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World Cup: Fans haggle in São Paulo’s souq - ASHARQ AL-AWSAT English Archive
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Antônio Leme wears his velvet top hat on Rua 25 de Março in São Paulo on June 14, 2014. (Aurea Santos)

Antônio Leme wears his velvet top hat on Rua 25 de Março in São Paulo on June 14, 2014. (Aurea Santos)

São Paulo, Asharq Al-Awsat—Rua 25 de Março (March 25 Street) in São Paulo was settled by Arab migrants, mostly Syrian and Lebanese, at the end of the 19th century. Since then, the street has grown to resemble an Arab souq—in the middle of a Brazilian city.

Today, the street’s Middle-Eastern flavor is somewhat obscured by green and yellow streamers and flags. The city hosted the opening game of the 2014 World Cup, and passions are running high after Brazil beat Croatia 3–1. “After the victory I got more excited,” said Ana Simão, a 59-year-old housewife. She was on Rua 25 de Março to buy T-shirts and backpacks with the Brazilian colors.

Carlos Gomes, a 19-year-old student, was looking for things he could use “to make noise during the games.” With their whistles and plastic bugles, the Brazilians are a loud bunch at matches.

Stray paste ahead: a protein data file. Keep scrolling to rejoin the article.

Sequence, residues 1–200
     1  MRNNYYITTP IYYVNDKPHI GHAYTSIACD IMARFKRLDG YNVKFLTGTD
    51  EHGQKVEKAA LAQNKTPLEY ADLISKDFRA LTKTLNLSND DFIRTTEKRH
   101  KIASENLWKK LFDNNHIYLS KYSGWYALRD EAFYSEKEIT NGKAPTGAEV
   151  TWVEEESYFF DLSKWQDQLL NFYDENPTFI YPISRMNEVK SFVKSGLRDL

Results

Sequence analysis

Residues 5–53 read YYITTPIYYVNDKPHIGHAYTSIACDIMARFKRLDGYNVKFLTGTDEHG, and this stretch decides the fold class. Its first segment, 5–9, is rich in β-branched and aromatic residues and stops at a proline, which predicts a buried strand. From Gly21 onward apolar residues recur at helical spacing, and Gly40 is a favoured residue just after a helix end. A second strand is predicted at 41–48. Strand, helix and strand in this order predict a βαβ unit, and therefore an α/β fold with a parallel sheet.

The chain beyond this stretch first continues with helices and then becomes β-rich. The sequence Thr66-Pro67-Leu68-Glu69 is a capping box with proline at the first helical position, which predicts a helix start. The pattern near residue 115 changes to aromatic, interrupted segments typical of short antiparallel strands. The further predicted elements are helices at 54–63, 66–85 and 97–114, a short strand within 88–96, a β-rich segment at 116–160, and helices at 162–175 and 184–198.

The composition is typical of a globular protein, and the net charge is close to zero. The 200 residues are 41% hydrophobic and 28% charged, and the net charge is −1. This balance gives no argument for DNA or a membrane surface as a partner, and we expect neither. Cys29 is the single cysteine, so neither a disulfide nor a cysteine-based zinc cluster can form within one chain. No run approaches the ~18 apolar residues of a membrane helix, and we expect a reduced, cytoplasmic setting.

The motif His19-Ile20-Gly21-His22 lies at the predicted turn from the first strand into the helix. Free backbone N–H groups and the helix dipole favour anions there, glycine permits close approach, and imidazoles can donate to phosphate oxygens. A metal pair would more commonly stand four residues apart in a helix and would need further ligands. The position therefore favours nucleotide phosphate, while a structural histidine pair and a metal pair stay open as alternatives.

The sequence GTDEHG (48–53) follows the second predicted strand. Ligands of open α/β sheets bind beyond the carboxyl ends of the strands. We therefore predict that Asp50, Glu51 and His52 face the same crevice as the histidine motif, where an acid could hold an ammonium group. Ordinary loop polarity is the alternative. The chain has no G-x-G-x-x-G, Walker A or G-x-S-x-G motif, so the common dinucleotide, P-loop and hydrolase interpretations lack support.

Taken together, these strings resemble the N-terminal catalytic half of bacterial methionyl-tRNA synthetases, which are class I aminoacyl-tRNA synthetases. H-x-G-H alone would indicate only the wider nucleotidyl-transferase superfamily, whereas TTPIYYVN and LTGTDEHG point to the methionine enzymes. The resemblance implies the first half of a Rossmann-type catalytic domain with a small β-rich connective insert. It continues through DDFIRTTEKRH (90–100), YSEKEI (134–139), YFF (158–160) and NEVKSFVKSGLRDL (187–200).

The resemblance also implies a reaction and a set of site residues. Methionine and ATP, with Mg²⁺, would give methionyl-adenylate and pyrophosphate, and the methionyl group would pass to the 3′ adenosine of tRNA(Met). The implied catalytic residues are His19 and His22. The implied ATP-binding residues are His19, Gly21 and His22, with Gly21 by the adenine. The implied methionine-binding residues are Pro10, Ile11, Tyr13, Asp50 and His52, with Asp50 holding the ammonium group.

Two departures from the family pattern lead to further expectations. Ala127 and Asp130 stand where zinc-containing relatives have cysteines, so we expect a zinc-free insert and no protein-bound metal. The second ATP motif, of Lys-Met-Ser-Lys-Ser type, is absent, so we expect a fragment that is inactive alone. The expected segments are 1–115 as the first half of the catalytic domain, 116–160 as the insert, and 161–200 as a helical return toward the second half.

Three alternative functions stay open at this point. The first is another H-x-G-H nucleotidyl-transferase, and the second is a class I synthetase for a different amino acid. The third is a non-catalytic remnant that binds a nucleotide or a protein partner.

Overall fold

“I had already bought some stuff, but now I’m buying for my family,” Carlos told Asharq Al-Awsat. When asked about his opinion of Brazil’s chances in the World Cup, he said: “I’m very enthusiastic and my heart beats faster.”

Antônio Leme opened his store only a few days before the tournament began. He’s celebrating the lift it has given his sales. “I was selling one hat a day and now I’m selling more than 250,” he said. He also claims to have created a unique model of velvet top hat, which he parades on the sidewalk to entice customers in to his shop.

According to Flávia Alves, another street vendor, the most popular products among her buyers are rear-view mirror covers in national colors. “I sold more than 400 pairs, just today,” she says. And it’s not only cars and people flying the flag— there are also special outfits available for pets.

The prices of goods in this neighborhood are some of the best you can find in the whole city and, as in every traditional Arab market, it is always possible to barter for a bargain.

The Middle Eastern heritage has also seeped into the local cuisine. Asharq Al-Awsat found a curious dish named “Abdallah” salad, made of roast beef, barbecue sauce, arugula—and crisps.

Another dish with Arab influence that is very popular all over the city is the “Beirut.” The name, a reference to Lebanon’s capital, is used for sandwiches with a variety of fillings served in Syrian flat bread.

The Brazilian fans—already at fever pitch—will need all that nourishment to get them through the excitement of the team’s next match.